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Biochemist Goes to Washington


UCR Biochemist Goes to Washington with High-Protein Corn

Daniel Gallie’s findings propose a useful approach to feed the world’s growing population

(September 20, 2005)

Daniel Gallie, professor of biochemistry, will present his research on high-protein corn before a congressional committee in Washington, D.C., Sept. 23.Enlarge

Daniel Gallie, professor of biochemistry, will present his research on high-protein corn before a congressional committee in Washington, D.C., Sept. 23.

RIVERSIDE, Calif. — Corn with twice its usual content of protein and oil and about half its usual carbohydrate content is what Daniel Gallie, professor of biochemistry, will present at a congressional seminar in Washington, D.C., this week.

Because his research holds promise for efficiently feeding high-protein corn to people and livestock all over the world, Gallie has been invited to speak to an audience of congressional staff in the Longworth House Office Building of the U.S. House of Representatives. His 45-minute presentation is scheduled for 10 a.m., Sept. 23.

The National Coalition for Food and Agricultural Research, a broad-based coalition of agricultural producers, science societies and universities, is sponsoring the seminar.

In the United States, the vast majority of corn — nearly 65 percent — is used to feed animals for meat production. Much of the remainder is exported to other countries for feeding animals or made into corn sweeteners or fuel alcohol. Corn, the most widely produced feed grain in the United States, accounts for more than 90 percent of total value and production of feed grains in the country, with around 80 million acres of land planted with corn.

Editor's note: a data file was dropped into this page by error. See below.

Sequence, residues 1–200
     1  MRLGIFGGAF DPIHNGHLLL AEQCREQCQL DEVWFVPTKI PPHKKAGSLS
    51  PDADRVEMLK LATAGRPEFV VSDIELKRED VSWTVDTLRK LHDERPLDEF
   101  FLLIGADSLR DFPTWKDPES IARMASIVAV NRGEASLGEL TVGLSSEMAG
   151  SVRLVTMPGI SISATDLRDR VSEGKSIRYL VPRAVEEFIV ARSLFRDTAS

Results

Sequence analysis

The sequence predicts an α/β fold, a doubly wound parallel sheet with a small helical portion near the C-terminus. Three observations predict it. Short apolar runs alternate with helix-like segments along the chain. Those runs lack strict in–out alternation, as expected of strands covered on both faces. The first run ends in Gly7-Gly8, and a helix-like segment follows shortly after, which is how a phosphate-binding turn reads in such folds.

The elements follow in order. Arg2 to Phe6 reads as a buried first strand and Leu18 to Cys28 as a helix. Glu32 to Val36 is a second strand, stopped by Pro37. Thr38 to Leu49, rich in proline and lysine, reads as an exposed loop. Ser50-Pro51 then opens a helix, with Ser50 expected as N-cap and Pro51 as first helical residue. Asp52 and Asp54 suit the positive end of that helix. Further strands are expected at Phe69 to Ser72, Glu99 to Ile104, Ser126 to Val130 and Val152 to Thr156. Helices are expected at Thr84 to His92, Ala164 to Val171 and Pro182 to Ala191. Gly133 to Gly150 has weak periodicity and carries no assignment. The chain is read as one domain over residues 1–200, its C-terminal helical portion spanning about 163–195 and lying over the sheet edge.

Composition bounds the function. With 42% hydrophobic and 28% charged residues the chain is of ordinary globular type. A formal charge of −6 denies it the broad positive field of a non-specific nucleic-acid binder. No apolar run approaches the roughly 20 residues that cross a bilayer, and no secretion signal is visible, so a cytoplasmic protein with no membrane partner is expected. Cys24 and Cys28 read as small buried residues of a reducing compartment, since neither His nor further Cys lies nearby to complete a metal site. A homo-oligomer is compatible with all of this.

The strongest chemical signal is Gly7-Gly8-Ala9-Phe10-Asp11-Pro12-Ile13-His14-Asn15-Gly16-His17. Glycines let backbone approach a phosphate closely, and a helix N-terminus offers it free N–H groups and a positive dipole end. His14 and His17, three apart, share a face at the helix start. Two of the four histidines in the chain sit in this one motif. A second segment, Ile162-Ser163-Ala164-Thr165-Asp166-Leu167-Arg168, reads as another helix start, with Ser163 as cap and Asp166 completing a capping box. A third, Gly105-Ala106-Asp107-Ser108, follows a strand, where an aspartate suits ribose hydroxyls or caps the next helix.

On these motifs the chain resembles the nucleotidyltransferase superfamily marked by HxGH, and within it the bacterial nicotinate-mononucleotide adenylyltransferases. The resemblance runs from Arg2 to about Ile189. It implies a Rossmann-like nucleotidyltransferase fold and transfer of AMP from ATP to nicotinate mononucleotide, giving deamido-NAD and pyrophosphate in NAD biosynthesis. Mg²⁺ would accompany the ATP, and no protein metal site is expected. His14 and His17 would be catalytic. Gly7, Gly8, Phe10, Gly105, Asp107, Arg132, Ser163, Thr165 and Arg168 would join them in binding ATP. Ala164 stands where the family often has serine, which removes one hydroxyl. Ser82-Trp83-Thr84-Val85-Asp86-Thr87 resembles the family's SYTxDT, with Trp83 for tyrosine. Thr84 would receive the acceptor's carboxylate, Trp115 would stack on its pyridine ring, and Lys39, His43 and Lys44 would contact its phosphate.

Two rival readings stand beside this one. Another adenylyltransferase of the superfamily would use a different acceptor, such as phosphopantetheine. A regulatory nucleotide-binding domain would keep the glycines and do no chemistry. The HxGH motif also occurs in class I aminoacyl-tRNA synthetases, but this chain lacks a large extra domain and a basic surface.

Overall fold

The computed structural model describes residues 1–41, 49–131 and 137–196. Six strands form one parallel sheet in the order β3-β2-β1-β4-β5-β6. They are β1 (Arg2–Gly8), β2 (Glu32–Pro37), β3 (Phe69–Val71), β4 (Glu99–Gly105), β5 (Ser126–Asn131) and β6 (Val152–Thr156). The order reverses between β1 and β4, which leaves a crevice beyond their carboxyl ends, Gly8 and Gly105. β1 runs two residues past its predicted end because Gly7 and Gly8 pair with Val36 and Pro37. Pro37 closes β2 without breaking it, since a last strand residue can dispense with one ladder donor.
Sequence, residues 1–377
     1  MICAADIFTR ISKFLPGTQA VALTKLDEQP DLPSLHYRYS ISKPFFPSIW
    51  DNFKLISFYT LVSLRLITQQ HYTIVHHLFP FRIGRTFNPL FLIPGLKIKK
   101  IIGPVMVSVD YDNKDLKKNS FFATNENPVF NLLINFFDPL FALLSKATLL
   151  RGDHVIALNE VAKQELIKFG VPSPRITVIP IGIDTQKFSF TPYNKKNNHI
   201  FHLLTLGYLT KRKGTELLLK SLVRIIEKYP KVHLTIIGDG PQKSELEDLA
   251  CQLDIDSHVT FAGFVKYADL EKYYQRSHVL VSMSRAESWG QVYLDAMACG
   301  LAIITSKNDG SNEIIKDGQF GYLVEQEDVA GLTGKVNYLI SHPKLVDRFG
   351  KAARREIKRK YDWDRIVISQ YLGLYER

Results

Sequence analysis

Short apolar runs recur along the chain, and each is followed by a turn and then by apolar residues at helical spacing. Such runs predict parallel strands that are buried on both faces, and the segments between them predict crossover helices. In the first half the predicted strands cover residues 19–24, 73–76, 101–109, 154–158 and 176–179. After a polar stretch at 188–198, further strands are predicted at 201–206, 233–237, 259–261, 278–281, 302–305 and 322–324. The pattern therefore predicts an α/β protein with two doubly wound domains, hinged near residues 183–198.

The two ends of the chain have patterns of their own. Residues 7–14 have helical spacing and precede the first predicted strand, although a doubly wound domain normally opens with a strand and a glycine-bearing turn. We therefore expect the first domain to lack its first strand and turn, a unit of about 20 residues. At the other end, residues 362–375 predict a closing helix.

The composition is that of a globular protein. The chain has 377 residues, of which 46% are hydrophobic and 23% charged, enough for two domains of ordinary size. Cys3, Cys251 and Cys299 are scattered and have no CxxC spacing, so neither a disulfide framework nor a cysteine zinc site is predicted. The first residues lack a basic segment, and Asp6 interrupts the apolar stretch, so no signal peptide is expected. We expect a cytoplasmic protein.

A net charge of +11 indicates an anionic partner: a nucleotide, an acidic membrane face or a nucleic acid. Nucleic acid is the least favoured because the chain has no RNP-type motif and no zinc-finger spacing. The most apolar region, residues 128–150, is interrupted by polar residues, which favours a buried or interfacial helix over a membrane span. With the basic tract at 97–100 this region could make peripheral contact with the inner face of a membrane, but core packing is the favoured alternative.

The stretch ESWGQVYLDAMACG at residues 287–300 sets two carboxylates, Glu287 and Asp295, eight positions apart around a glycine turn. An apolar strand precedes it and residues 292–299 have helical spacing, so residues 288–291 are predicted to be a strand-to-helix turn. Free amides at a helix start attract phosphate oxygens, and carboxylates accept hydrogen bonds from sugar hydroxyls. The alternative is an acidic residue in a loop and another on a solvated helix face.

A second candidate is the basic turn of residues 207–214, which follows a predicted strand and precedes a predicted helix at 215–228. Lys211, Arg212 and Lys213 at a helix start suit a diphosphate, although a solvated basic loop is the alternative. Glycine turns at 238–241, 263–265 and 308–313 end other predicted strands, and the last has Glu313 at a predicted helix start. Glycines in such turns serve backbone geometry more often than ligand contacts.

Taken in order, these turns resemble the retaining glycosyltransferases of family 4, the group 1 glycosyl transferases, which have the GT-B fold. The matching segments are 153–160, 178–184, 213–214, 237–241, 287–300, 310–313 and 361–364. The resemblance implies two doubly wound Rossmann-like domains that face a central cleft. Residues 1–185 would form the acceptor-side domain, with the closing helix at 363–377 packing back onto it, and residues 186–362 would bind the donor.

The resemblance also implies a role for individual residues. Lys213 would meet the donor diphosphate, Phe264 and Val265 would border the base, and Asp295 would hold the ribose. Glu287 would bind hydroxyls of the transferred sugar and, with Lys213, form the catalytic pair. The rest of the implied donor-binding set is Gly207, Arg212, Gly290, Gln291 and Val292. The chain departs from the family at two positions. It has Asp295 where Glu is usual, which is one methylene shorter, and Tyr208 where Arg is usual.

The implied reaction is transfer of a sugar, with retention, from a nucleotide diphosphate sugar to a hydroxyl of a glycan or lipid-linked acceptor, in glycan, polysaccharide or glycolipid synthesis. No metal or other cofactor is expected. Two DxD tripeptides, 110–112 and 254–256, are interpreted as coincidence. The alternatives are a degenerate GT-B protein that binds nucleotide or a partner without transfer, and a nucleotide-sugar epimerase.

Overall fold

Gallie’s research on doubling the protein content of corn grain adds significant value to the crop, benefiting corn producers. Moreover, his technology nearly doubles corn oil, the most valuable content of corn grain, and significantly increases the grain’s value. Corn is processed also into other food and industrial products such as starch, sweeteners, beverage and industrial alcohol, and fuel ethanol.

“Nearly 800 million people in the world suffer from protein-energy malnutrition, which is a leading cause of death in children in developing countries, many of which already produce corn as a major cereal crop,” said Gallie. “A significant fraction of the world’s population, particularly in developing countries, has no access to meat as a protein source, and has to rely on plant sources such as grain. The new corn we have developed has two embryos in its kernel, which is what doubles the content of protein and oil and reduces the starch content. It could provide a good source of protein for those that depend on grain as their primary source of nutrients.”